Sherlock Holmes Was Wrong

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Authors: Pierre Bayard
whole solution
     collapses. Here again, the fact that we’re dealing with eyewitness accounts has considerable consequences.

    The problem is that these doubts about Dr. Mortimer also apply to the other important characters in the case, all of whom
     are in the position of telling part of the story at one time or another, with the notable exceptions of Selden, who never
     appears directly, and the dog.
    We have to take Sir Henry Baskerville at his word, then, about the life he led before he arrived in Devonshire. We have to
     trust the Barrymores in their judgment of Selden’s personality, and the Stapletons on their life before they moved close to
     the Hall. We have to believe Laura Lyons about the circumstances in which her meeting with Sir Charles Baskerville was arranged,
     and Frankland about his reasons for refusing to see Laura Lyons.
    Even Sherlock Holmes’s narratives must be questioned when we recognize (as we do many times in just this one novel) that he
     makes mistakes. We learn about the investigations he claims to have been conducting in London while his friend was attending
     to Sir Henry Baskerville’s protection only from his own testimony, which shouldn’t necessarily be given a higher status than
     the testimonies of other characters.
    Despite his intelligence and his successes, Sherlock Holmes remains one character among many, and his vision of events, as
     it is communicated to us in his final analysis of the case, can only be one point of view—an interesting one, to be sure,
     because of his participation in the investigation, but one that does not preclude other, equally legitimate points of view.

    These constant delegations of narration do not absolve Watson of his initial responsibility, since each character’s narration
     is taken up—and necessarily revised—by him. But they tend to make his testimony more fragile, and therefore even less credible.
    The final result is that the reader who wants to form his own opinion has to deal with a multitude of uncertain accounts,
     some of which we may think are willfully falsified and all of which have been passed through the sieve of the main narration,
     Watson’s, which has been discredited from the very beginning. Faced with this patchwork narrative, only blind faith could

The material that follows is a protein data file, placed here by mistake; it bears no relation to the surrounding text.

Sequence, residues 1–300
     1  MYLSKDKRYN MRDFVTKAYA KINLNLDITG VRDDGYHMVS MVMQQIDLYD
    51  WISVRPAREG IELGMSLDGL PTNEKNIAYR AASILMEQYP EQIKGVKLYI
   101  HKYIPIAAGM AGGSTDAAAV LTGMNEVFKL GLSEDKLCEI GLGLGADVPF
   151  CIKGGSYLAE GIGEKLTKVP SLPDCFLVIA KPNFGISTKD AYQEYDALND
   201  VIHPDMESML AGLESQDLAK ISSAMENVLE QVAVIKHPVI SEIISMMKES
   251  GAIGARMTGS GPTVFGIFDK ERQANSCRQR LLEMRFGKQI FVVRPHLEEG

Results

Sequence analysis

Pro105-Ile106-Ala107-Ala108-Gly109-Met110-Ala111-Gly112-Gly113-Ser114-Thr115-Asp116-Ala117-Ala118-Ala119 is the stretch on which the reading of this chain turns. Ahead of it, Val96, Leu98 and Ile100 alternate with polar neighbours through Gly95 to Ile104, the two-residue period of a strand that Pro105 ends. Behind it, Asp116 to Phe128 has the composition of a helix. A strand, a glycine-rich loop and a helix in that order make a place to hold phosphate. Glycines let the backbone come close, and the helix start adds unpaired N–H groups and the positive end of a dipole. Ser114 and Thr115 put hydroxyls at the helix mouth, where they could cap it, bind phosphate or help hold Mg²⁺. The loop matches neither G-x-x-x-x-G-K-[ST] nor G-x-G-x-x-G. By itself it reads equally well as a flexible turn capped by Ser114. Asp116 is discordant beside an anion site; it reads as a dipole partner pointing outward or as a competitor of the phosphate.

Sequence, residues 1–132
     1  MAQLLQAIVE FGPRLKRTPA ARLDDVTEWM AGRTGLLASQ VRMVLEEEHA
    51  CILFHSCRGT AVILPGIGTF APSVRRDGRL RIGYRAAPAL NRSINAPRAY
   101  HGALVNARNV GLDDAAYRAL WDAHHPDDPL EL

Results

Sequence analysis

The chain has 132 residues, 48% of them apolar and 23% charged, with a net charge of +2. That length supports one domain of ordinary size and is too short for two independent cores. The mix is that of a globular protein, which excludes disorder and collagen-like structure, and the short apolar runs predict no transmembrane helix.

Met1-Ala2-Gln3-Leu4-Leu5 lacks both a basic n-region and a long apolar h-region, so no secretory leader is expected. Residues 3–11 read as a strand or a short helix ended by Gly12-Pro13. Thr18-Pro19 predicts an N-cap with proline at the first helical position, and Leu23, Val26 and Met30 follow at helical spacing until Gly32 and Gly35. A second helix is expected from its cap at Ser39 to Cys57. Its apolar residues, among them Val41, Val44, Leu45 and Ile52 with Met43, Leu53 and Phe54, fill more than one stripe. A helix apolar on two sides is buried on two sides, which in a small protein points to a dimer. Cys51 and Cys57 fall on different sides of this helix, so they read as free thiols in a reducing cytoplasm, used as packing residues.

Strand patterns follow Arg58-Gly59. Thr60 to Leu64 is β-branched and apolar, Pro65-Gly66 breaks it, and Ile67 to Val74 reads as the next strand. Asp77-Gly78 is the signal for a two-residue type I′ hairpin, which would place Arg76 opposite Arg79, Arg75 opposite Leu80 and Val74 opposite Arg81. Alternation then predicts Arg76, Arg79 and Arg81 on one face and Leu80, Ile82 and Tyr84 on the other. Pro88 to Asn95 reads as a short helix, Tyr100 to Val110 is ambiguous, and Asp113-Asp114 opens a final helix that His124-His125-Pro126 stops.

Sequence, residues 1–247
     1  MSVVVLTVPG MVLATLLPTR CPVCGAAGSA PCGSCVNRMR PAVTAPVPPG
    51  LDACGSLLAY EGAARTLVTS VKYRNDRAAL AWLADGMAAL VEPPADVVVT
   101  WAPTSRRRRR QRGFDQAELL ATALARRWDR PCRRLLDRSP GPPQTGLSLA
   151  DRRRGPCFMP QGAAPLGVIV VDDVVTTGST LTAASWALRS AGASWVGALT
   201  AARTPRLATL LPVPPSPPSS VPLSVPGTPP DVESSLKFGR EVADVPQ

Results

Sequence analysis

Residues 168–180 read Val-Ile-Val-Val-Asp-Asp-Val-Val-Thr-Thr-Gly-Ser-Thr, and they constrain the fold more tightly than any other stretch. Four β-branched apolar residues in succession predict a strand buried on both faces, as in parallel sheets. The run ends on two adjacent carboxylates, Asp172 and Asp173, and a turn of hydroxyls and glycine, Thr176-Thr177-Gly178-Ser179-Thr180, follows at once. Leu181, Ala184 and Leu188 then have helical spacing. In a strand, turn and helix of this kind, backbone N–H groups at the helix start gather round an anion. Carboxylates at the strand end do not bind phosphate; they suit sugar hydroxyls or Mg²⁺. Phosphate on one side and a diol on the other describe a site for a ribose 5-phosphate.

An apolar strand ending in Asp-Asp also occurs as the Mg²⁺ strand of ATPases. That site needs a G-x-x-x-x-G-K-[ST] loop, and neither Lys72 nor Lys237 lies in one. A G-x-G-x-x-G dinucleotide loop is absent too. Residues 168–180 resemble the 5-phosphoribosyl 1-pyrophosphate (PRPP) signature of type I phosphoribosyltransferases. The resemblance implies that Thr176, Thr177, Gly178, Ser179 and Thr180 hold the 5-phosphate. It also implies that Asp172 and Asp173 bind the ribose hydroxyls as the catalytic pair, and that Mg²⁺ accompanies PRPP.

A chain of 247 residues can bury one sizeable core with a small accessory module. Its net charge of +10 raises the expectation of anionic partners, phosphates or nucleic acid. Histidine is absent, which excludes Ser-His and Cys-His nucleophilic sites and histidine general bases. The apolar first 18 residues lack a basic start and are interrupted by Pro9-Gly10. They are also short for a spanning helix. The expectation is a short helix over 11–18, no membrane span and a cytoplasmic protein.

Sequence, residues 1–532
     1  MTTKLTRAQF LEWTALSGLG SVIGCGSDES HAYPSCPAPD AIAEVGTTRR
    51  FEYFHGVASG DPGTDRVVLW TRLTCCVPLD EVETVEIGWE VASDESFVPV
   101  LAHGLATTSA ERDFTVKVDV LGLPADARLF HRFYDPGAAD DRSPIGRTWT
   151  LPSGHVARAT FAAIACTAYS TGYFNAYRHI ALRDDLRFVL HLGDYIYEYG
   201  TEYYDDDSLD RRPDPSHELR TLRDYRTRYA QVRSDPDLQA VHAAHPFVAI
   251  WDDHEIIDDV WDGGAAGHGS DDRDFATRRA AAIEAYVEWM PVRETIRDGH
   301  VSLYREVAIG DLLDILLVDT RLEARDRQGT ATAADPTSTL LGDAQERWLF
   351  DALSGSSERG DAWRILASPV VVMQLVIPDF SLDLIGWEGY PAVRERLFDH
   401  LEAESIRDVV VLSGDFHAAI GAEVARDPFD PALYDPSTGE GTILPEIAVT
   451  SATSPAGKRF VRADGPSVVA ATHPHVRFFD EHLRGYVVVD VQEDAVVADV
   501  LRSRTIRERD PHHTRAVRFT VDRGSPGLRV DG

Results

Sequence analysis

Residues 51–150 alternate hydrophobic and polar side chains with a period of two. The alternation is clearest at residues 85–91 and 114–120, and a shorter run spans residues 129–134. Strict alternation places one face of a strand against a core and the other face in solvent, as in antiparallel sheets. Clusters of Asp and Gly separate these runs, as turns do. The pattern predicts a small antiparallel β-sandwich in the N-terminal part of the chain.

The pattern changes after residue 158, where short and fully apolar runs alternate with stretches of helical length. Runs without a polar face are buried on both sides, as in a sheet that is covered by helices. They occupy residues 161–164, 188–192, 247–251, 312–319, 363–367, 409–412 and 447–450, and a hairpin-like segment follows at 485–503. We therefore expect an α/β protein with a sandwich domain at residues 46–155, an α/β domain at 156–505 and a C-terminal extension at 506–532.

impel a reader to accept without reservations the official truth about the tragic events that bloodied the Devonshire moor—the
     account that has been imposed on us for more than a century, even though it goes against common sense.
    * Like this one about the man on the tor: “But I had my own experience for a guide, since it had shown me the man himself
     standing upon the summit of the black tor. That, then, should be the centre of my search. From there I should explore every
     hut upon the moor until I lighted upon the right one. If this man were inside it I should find out from his own lips, at the
     point of my revolver if necessary, who he was and why he had dogged us so long. He might slip away from us in the crowd of
     Regent Street, but it would puzzle him to do so upon the lonely moor. On the other hand, if I should find the hut, and its
     tenant should not be within it, I must remain there, however long the vigil, until he returned. Holmes had missed him in London.
     It would indeed be a triumph for me if I could run him to earth where my master had failed.” ( The Hound of the Baskervilles, op. cit., p. 862)

III
In Defense of the Dog
    THE RECEIVED IMAGE of The Hound of the Baskervilles— an image that has gained strength from the film adaptations of the novel, all of which have confirmed the official version—is
     that of a somewhat fantastical tale in which a monstrous hound spreads terror on the English moor, driving its victims to
     death through fear or violence.
    Distrustful on principle, the detective critic cannot subscribe to such a simplistic view. Although the existence of a huge
     dog is attested to in the final scene, with several witnesses

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